Sindarius Thornwell scored 26 points for the seventh-seeded Gamecocks (26-10) against the fourth-seeded Gators (27-9) in the all-Southeastern Conference matchup.

South Carolina will face Gonzaga, the No. 1 seed from the West Regional, in the Final Four on Saturday at Glendale, Arizona.

"Gamecock Nation, we heard you loud and clear," coach Frank Martin roared as the team prepared to cut down the nets. "We'll see you in Phoenix."

The game was as close as expected until the final minute. There were 14 lead changes and 10 ties. The last lead change came on two free throws by Thornwell with 2:24 left that made it 65-63. Florida managed just three field goals over the final 3:55.

Thornwell, the regional MVP, followed the deciding free throws with a nice assist to Maik Kotsar for a 4-point lead. It seemed Thornwell, who scored eight straight points for the Gamecocks, was always where he needed to be including making a steal with 40 seconds left that turned into a 73-68 lead.

"I just made plays," Thornwell said. "Plays needed to be made down the stretch and I stepped up and made plays."

"Thornwell was just being Thornwell," Florida coach Mike White said of the SEC player of the year. "He's one of the best players in the country."

PJ Dozier added 17 points for the Gamecocks, Chris Silva had 13 and Kotsar 12.

It all totaled to a Final Four trip for Martin, he of the booming voice and terrifying faces.

Justin Leon had 18 points for the Gators who managed a 40-33 halftime lead on 7-for-12 shooting from 3-point range. But that was it. Florida was 0 for 14 from beyond the arc in the second half, a lot like the 0-for-17 effort the Gators had in their first meeting with South Carolina this season.

South Carolina, which forced Florida into 16 turnovers, finished 23 for 31 from the free throw line, including a 9-for-10 effort from Thornwell.

NCAA Tournament Wrap: Gonzaga reaches 1st Final Four; Oregon upsets Kansas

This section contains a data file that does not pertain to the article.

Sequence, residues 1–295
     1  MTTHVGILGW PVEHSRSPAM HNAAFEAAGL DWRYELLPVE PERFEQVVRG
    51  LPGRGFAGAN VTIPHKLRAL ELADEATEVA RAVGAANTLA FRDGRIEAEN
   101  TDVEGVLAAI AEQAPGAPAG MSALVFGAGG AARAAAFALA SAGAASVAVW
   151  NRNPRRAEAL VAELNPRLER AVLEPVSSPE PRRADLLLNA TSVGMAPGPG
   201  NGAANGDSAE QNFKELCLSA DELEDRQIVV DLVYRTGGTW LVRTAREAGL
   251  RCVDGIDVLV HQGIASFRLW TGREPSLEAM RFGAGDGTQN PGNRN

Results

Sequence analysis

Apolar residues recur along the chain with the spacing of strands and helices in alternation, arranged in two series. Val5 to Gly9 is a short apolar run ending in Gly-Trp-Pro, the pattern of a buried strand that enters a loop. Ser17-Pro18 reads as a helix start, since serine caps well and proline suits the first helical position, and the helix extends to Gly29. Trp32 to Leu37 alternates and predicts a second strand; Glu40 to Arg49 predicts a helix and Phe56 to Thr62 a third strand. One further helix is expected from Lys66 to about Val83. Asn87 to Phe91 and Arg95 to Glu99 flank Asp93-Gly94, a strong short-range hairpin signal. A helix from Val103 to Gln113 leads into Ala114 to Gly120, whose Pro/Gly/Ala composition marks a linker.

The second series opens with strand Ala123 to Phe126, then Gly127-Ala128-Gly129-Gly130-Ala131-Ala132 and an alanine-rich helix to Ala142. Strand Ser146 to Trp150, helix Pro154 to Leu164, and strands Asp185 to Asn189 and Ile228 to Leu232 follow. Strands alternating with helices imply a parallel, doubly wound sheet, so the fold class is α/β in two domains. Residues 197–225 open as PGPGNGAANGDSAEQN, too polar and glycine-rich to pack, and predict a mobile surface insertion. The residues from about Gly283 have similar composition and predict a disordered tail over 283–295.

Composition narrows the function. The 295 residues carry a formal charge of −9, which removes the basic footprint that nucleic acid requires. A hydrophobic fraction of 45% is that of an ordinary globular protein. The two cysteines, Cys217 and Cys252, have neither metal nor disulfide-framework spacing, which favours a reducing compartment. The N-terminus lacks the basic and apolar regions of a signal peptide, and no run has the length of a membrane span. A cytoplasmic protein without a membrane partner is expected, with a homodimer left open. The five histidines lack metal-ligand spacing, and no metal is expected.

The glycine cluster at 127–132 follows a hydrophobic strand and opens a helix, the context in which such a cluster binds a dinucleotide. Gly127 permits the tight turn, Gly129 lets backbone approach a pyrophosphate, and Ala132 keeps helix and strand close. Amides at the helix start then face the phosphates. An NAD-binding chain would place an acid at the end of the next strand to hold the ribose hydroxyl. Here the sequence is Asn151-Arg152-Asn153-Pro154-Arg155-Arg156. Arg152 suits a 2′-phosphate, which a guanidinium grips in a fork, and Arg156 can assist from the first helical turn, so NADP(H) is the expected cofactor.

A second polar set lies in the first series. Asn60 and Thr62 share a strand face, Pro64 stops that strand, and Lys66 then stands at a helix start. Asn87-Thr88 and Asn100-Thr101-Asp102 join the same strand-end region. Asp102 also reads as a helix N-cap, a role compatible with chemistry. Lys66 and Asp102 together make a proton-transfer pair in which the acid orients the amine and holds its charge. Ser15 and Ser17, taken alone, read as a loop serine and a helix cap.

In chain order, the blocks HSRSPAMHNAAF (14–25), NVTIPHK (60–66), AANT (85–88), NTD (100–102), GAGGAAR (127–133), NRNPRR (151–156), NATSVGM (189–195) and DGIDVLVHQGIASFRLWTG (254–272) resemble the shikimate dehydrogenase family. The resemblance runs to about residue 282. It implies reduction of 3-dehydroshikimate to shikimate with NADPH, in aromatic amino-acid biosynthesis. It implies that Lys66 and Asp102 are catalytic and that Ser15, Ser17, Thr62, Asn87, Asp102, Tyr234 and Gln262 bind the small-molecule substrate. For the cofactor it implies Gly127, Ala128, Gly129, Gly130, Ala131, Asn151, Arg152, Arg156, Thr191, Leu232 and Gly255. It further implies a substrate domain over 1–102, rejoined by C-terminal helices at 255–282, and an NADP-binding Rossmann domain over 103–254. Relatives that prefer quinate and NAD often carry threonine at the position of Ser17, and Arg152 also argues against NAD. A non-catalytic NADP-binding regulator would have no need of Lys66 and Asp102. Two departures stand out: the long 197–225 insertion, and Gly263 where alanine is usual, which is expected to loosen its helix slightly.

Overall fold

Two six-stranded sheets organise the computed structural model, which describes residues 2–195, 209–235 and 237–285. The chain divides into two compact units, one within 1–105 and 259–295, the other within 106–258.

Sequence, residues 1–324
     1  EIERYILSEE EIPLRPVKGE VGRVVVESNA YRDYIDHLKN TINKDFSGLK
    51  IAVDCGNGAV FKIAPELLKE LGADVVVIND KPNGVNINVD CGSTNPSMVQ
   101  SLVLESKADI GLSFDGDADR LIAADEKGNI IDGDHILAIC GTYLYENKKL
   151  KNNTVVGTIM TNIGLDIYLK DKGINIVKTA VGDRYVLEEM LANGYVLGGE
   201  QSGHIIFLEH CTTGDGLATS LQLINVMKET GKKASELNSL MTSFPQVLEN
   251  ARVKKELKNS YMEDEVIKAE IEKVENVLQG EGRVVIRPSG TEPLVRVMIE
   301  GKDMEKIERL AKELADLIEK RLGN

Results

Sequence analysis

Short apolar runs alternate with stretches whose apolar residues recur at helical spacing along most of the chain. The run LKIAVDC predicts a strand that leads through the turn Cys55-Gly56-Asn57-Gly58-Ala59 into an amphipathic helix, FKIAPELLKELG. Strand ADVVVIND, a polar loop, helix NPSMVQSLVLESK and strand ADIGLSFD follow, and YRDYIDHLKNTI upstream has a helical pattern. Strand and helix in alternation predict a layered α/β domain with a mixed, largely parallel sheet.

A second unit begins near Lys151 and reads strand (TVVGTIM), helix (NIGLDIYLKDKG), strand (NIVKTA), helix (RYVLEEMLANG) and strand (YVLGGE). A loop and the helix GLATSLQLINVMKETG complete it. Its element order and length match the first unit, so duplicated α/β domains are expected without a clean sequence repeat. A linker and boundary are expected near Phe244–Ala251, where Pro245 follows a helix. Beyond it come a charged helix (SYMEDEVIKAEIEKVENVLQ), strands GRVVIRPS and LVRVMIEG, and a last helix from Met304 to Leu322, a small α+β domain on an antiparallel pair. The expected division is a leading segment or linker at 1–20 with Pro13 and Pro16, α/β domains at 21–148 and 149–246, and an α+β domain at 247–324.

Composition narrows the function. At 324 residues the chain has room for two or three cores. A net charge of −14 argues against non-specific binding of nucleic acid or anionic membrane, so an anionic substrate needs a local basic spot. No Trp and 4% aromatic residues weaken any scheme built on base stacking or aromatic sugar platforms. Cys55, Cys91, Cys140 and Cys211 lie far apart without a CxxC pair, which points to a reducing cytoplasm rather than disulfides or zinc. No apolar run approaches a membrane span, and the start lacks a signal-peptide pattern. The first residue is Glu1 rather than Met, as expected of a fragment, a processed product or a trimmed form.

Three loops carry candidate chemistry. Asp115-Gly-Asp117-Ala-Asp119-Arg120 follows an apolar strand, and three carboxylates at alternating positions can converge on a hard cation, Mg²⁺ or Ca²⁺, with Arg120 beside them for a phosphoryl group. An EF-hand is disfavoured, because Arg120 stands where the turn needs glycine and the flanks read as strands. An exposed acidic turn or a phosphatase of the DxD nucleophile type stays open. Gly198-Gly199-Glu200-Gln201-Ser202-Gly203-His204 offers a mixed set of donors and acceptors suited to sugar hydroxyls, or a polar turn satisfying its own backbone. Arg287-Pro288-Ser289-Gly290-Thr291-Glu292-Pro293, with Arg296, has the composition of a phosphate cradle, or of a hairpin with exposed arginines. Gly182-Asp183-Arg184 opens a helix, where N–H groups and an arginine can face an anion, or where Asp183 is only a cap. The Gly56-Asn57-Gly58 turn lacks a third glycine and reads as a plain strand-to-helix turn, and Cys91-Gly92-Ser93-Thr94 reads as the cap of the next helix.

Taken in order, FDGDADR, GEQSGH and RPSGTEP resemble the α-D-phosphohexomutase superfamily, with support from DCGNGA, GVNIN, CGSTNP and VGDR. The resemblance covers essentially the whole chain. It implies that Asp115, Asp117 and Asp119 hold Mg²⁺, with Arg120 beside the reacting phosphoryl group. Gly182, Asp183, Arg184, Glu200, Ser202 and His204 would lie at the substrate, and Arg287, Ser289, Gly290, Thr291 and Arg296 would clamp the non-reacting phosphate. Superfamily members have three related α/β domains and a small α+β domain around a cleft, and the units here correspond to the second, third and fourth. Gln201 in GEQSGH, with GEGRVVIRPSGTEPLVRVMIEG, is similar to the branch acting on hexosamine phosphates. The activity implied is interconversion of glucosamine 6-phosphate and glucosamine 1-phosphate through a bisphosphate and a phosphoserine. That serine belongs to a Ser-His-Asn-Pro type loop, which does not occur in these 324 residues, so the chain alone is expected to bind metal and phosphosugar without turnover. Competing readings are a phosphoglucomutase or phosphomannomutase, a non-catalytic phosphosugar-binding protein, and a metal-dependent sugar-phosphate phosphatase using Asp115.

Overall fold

NCAA Tournament Wrap: Gonzaga reaches 1st Final Four; Oregon upsets Kansas

KANSAS CITY, Mo. -- Tyler Dorsey poured in 27 points, Dillon Brooks added 17 and plucky Oregon ended Kansas' romp through the NCAA Tournament with a 74-60 victory Saturday night that gave the Ducks their first Final Four trip in nearly 80 years.

Dylan Ennis added 12 points for the Ducks (33-5), who took the lead with 16 minutes left in the first half and never trailed again, giving coach Dana Altman his first trip to the national semifinals.

They'll face the winner of Sunday's game between North Carolina and Kentucky in Glendale, Arizona.

Player of the year front-runner Frank Mason III had 21 points in his final game for the Jayhawks (31-5), who had rolled to the Elite Eight by an average margin of 30 points. But their dream season ended with a thud just 40 minutes from campus on a night where very little went right (see full recap).

Gonzaga beats Xavier to reach 1st Final Four
SAN JOSE, Calif. -- Nigel Williams-Goss scored 23 points while orchestrating Gonzaga's efficient offense, and the Zags finally shook their overrated tag by routing Xavier 83-59 on Saturday to reach the Final Four for the first time.

Gonzaga (36-1) has been dogged by criticism through the years despite winning consistently, in part for playing in a weak conference but also for never making the Final Four.

On the cusp of history, the Zags took it head on with a superb all-around game to give coach Mark Few the one missing piece of his resume.

Gonzaga found the range from the perimeter after struggling the first three NCAA games, making 12 of 24 from 3-point range. The defense, a soft spot in the past, shut down the underdog and 11th-seeded Musketeers (24-14) to win the West Region.

The Zags will face the winner between South Carolina and Florida in next week's Final Four in Arizona (see full recap).